A happy 2010 to all! Just a few observations here and there to get me back on my blogging feet again:
1. Kind of liking ideeli as the name of a “members-only shopping community,” at least from a trademark perspective.
2. Drove past a Dairy Queen recently and noticed signage is different from what I’d remembered. Now it says DQ Grill & Chill:
Survey says: I love it! I think it’s an excellent updating of the classic “Brazier food” designation (which I never failed to call “brassiere food”), and I think “Grill & Chill” is an excellent, suggestive slogan. It may be old news, but it’s news to me.
3. While I customarily counsel clients not to alter their trademarks or slogans because that can weaken them, I am not so doctrinaire that I cannot make exceptions. As you may know, I have previously discussed my passion for the Beaver Creek ski resort slogan “Not exactly roughing it.” Well, Beaver Creek recently opened an outdoor grill-your-own restaurant called Mamie’s Mountain Grill. The setting is lovely, the burgers top-notch, and the drinks ridiculously strong, at least until the bartender gets a jigger. But the best part is the banner at the entrance, where underneath the Mamie’s name, the sign reads “Slightly Roughing It.”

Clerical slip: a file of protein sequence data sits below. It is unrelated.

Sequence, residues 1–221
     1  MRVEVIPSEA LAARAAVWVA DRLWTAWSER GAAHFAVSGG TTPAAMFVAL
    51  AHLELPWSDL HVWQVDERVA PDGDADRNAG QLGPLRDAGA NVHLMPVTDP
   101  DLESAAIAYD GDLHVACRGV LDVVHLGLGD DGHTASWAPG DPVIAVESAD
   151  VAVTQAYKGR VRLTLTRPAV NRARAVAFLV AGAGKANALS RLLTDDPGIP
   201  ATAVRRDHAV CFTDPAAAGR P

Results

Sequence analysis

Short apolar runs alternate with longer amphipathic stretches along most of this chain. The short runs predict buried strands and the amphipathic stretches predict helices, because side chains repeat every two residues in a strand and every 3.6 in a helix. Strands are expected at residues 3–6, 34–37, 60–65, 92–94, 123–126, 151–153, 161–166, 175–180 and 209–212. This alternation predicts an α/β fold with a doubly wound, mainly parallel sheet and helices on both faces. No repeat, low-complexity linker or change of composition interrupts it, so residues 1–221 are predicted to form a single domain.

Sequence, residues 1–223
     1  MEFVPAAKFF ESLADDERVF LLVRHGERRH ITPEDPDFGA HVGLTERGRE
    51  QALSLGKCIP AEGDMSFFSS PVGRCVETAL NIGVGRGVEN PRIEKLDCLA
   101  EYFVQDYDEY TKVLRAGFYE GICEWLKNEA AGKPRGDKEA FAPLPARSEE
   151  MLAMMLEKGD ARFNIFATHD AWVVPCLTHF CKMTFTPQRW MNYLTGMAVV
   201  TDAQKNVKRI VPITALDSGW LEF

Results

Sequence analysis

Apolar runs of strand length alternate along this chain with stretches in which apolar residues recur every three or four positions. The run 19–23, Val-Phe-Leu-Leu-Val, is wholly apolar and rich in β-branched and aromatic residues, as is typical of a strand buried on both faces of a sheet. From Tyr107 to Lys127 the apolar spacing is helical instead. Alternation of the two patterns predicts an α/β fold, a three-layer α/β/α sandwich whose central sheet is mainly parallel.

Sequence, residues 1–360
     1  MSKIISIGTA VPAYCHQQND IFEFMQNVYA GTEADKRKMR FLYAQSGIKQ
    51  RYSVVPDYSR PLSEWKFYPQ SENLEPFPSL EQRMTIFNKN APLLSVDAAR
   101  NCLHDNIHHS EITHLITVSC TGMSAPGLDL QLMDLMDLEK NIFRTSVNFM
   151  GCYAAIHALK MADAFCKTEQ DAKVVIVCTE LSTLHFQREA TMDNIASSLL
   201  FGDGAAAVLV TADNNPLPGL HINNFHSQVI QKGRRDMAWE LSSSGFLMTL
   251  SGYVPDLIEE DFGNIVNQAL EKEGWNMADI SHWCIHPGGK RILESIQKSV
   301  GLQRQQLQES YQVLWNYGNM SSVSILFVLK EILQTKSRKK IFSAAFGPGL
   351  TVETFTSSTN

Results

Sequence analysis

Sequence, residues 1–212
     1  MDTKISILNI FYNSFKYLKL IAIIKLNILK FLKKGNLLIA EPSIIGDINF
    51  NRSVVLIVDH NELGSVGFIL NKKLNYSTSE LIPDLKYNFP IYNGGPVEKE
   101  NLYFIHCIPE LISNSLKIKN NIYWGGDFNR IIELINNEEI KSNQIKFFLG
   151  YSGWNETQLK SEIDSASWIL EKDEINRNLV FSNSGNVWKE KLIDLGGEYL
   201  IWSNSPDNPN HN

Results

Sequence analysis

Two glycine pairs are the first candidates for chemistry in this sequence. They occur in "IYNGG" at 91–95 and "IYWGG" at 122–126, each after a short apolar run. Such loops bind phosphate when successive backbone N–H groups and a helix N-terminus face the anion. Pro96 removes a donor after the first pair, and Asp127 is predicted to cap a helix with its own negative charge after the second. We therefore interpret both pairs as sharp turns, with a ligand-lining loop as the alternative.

4. Next, in the ever-popular and expanding “I do not think it means what you think it means” category, we have a few contestants: (a) Sophistry Skin Care; and (b) The Flow, “a glass journal for the flameworking community.”
5. In the trademark overreaching event, we have – I know, shocking – the Olympic Committee, here in Canada, going after Lululemon Athletica* for marketing “a cheeky clothing line that’s named ‘Cool Sporting Event That Takes Place in British Columbia Between 2009 & 2011 Edition.'” One fine day I’ll sit myself down without the dog nipping at my feet to write the definitive post on nominative fair use, plain old fair use, sponsorship confusion, licensing, and why I have no damn problem with my local supermarket setting up a display with a sign “Get your Super Bowl party treats here!” But until then I’ll just continue to blurt out sporadic rants like this one.
6. Finally, as for the recent dustup over the unauthorized use by PETA and Weatherproof of photos of Michelle and Barack Obama, respectively, in advertising, I believe that both uses were wrong and actionable; I don’t see a free speech right to use a celebrity’s image, even if that celebrity is a political figure, for a wholly non-political, commercial purpose, in the Weatherproof case. As for the PETA photo, I can think of many reasons for Michelle Obama not to want to be associated with PETA, regardless of her assertion that she doesn’t wear fur. But all they really want is the publicity . . .
Once again, happy New Year to all.
H/ts to Nancy and to my dear friend and jewelry-maker extraordinaire Peggy, who didn’t realize what a chuckle I’d get when I saw that she had become a fan of The Flow.
*Many moons ago, so long ago there’s no record of it in the PTO database, I worked on a trademark application for Lululemon. Full disclosure and all . . .